Gr 2-4-A description of the forms and functions of various wild animals' tails. After an introductory chapter about general characteristics of tails and their uses, Patent discusses them according to a particular function: movement, balance, communication, and survival. Attention is given to explaining how physical attributes contribute to animal behavior. The fluid text maintains continuity within the theme of each chapter. Full-color photographs are clear, but some are rather small. Captions are printed in small type with pictures carefully labeled if more than one photograph appears on a page. Many creatures, such as the alligator, peacock, and seahorse, are duplicated in Marlene Robinson's What Good Is a Tail? (Shapolsky, 1991), but plenty of different ones are also featured. While Patent's book is colorful and more visually appealing, Robinson's provides more specific information.-Diane Nunn, Richard E. Byrd Elementary School, Glen Rock, NJ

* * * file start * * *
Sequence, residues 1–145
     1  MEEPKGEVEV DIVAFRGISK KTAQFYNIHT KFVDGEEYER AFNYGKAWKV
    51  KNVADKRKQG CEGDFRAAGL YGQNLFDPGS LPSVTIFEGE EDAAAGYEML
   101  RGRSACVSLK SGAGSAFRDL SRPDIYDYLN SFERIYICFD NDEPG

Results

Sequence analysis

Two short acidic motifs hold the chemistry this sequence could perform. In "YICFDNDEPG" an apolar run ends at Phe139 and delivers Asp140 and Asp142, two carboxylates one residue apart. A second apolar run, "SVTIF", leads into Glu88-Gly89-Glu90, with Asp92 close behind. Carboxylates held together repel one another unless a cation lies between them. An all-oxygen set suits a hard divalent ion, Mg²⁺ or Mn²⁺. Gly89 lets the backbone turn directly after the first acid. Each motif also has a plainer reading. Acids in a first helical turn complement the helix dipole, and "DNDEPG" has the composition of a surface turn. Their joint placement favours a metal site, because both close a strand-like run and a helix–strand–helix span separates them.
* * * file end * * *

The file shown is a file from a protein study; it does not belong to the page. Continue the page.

ger for reading aloud. Patent answers the title question and then some in this short, appealing book which, like her book, above, also features photographs by William Munoz. In uncondescending language that never lapses into the cutesy style of some nonfiction for younger readers, the author explains what a tail is and what it does and looks at some of the many species that have them. Juxtaposed with the generously spaced text are a profusion of color photographs that exhibit the high quality we've come to expect from Munoz. No sources are given, but the book, which has a place in both school and public libraries, will be useful for reports and attractive to browsers.